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House Subcommittee Reports Out Royalty-in-Kind Bill

House Subcommittee Reports Out Royalty-in-Kind Bill

The House Subcommittee on Energy and Mineral Resources last Thursday approved royalty-in-kind legislation (H.R. 3334) to require the federal government to take the actual oil or natural gas product as its royalty payment instead of cash for production offshore and on federal lands.

The bill, opposed by the Interior Department's Minerals Management Service (MMS), included an amendment which would allow the government to continue to receive cash for production from marginal wells or wells in remote locations. Subcommittee Chairman Barbara Cubin (R-WY) authored the amendment.

The bill's sponsor, Rep. William M. "Mac" Thornberry (R-TX), started out the mark-up session last week by offering substitute language to clarify the issues of processing and transportation versus gathering. In a briefing paper Thornberry made clear that transportation and gathering costs would not be accounted any differently under an in-kind program than they have been in-value. "If a lessee is granted a transportation allowance when paying in-value, then so shall the lessee receive the same allowance when paying royalty in-kind....Likewise, the Thornberry substitute will clarify processing allowances, such that the status quo is maintained." The MMS had maintained the bill would shift transportation and processing costs to cut government royalty revenue.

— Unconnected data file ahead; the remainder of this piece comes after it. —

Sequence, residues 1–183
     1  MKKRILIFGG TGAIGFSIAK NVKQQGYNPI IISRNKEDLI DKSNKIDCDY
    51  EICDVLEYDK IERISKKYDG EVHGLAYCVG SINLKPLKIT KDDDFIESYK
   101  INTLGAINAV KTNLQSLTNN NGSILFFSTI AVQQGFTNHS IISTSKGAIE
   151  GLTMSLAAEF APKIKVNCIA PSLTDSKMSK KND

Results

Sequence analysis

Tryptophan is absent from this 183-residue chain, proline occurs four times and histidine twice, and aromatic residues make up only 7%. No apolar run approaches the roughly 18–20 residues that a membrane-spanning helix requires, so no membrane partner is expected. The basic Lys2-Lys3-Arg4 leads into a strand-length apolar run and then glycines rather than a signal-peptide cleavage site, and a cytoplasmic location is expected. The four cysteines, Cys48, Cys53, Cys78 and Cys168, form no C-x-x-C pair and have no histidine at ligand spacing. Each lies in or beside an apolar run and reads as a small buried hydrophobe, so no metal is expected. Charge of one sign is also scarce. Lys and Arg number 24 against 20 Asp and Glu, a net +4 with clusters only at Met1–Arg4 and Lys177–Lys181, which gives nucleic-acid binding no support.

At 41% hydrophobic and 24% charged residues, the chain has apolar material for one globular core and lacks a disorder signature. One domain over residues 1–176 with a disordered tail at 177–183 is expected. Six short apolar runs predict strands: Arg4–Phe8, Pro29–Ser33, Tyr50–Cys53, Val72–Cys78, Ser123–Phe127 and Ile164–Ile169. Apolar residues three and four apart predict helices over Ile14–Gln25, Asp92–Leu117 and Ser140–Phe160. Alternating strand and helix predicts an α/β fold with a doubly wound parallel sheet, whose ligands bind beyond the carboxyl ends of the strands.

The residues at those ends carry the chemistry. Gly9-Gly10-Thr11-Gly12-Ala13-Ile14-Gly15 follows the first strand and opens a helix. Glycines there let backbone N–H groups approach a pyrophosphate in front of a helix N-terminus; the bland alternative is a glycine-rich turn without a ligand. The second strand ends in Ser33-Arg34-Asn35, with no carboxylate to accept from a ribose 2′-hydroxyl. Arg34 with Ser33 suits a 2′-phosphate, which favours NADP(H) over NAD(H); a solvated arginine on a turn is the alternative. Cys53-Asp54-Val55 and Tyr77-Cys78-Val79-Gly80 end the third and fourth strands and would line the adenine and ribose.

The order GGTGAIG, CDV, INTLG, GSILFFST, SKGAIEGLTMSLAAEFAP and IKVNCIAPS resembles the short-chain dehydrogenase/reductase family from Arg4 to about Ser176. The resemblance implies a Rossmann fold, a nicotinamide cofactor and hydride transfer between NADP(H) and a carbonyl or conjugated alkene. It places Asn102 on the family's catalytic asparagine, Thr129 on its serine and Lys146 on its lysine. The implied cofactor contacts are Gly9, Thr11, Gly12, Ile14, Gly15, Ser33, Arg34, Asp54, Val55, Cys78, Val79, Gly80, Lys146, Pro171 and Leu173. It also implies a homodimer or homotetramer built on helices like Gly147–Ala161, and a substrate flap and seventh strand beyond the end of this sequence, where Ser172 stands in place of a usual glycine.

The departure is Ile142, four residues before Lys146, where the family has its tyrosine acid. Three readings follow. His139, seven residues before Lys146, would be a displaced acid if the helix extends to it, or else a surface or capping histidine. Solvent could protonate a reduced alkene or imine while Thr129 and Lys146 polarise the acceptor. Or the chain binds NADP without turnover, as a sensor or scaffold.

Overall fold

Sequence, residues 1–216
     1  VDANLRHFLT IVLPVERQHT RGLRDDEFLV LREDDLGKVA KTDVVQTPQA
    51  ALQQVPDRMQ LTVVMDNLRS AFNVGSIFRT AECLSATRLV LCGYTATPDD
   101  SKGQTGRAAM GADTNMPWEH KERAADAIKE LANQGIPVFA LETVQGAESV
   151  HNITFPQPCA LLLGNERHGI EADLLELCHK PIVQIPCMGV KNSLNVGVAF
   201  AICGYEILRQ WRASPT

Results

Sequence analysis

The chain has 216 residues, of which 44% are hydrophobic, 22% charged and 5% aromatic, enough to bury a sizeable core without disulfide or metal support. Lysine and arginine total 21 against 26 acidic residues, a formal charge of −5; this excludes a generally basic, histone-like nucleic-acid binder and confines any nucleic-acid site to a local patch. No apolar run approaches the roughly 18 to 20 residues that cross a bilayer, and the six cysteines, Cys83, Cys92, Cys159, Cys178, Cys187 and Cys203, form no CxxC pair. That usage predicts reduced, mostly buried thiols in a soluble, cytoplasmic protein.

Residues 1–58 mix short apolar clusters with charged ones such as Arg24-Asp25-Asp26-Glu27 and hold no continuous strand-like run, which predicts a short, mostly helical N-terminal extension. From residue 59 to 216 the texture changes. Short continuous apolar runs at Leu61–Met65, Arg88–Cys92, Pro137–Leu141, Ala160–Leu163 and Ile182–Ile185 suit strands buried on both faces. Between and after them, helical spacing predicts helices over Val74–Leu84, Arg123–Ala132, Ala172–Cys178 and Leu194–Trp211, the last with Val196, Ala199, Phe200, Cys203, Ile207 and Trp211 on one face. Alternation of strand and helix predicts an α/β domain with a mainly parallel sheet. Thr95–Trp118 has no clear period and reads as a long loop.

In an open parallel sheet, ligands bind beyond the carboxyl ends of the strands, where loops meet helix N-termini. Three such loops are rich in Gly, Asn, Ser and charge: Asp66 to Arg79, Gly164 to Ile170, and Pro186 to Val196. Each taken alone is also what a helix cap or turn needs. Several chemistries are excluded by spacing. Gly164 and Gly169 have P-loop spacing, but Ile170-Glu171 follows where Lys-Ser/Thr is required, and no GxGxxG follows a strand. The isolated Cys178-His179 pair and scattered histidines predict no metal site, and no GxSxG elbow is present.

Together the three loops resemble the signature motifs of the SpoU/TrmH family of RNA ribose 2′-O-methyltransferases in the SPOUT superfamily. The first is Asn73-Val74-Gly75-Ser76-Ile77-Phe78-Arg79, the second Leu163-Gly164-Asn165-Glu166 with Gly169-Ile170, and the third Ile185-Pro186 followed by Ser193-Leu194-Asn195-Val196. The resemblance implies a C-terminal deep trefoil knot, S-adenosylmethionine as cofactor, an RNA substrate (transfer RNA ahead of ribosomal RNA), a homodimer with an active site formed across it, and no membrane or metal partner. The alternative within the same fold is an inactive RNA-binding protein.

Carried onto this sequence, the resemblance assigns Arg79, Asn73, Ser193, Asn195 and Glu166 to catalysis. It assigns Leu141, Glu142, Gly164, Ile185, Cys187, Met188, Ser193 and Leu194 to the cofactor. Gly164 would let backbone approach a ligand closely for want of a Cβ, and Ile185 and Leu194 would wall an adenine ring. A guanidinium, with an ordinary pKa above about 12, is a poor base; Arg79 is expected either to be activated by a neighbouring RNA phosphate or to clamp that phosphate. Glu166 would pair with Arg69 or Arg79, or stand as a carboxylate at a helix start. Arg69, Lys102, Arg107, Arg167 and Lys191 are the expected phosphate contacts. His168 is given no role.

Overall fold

Producers have supported the legislation as a means of simplifying payment of federal royalties. They maintain the current scheme based on the value of gas at the wellhead is no longer workable since gas was decontrolled in the 1980s and is no longer sold at the wellhead.

"We are hopeful that the administration will find this bill to be a winning solution to the current complex and problematic valuation system," a spokesman for the Independent Petroleum Assoc. of America said.

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